The saving grace is we still have time! Today to be specific, make that decision today, be vigilant, be (spiritually sober), be ready!..

As further encouragement; Revelation 20:5-6:- Blessed and Holy are you, if...

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If I understand correctly John Darby, the father of Dispensationalism sees Mat 24:9 as pertaining to the time of the disciples in Israel as well as chapter 10.

The time of the disciples' testimony is characterised by false Christs and false prophets among the Jews; persecution of those who render testimony, betraying them to the Gentiles. But there is yet something more definite with regard to those days. There would be false Christs in Israel. There would be wars, famines, pestilences, earthquakes. They were not to be troubled: the end would not be yet. These things were only a beginning of sorrows. They were principally outward things. There were other events which would bring them into greater trial, and test them more thoroughly-things more from within. The disciples should be delivered up, put to death, hated of all nations. The consequence of this among those who made profession would be that many would be offended; they would betray one another. False prophets would arise and deceive many, and, because iniquity abounded, the love of many should wax cold-a sorrowful picture. But these things would give occasion for the exercise of a faith that had been put to the proof. He who endured to the end should be saved. This concerns the sphere of testimony in particular. That which the Lord says is not absolutely limited to the testimony in Canaan; but as it is from thence the testimony goes forth, it is all connected with that land as the centre of God's ways. But, in addition to this, the gospel of the kingdom should be preached in all the world for a witness unto all nations, and then should the end come - the end of this age. Now, although heaven is the source of authority when the kingdom shall be established, Canaan and Jerusalem are its earthly centre. So that the idea of the kingdom, while extending throughout the world, turns our thoughts to the land of Israel. It is "this gospel of the kingdom" [See Footnote #67] which is here spoken of; it is not the proclamation of the union of the church with Christ, nor redemption in its fulness, as preached and taught by the apostles after the ascension, but the kingdom which was to be established on the earth, as John the Baptist, and as the Lord Himself, had proclaimed. The establishment of the universal authority of the ascended Christ should be preached in all the world to test their obedience, and to furnish those who had ears to hear with the object of faith.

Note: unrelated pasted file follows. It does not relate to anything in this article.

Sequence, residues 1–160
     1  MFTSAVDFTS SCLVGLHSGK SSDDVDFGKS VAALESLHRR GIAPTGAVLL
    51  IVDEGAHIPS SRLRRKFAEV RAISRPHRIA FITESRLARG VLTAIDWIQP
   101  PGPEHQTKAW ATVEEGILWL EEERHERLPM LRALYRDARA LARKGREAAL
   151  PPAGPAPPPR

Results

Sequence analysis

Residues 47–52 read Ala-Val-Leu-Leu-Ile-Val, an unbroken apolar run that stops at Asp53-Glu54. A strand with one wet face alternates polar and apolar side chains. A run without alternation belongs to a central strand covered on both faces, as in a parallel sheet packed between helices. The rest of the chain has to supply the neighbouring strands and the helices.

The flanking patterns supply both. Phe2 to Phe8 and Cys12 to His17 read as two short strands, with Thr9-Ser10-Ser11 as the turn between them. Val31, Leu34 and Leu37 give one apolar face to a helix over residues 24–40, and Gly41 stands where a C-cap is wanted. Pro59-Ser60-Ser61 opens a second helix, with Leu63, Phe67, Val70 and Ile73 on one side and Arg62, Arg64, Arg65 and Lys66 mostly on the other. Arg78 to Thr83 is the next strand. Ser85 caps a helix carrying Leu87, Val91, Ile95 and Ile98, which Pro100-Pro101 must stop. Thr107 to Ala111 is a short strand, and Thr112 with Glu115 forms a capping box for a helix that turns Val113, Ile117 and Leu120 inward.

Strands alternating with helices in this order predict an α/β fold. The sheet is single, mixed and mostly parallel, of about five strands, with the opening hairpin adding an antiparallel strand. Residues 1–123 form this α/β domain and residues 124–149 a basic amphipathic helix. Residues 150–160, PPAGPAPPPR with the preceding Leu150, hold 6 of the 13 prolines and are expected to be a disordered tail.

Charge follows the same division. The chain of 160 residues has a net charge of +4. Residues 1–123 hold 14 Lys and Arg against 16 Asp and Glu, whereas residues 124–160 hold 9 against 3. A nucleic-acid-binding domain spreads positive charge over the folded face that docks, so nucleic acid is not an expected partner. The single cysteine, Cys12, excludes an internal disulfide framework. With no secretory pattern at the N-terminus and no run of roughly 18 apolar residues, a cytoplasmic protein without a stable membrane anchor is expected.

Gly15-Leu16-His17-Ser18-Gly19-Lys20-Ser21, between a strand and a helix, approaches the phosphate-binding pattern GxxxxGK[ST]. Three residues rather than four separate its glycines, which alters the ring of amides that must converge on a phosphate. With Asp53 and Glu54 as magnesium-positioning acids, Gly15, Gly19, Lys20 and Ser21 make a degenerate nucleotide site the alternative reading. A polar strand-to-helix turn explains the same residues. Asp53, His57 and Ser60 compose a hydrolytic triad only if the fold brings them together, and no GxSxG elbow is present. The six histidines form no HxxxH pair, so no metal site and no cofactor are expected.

Footnote 67: The gospel of the kingdom was confined to Israel in chapter 10 and here this, though no subject of the teaching, is the subject supposed up to verse 14, but there is no formal distinction made: the mission in chapter 28 is to the Gentiles; but then there is nothing of the kingdom but rather the contrary, though Christ be only risen, but all power given to Him in heaven and earth.

Matthew 24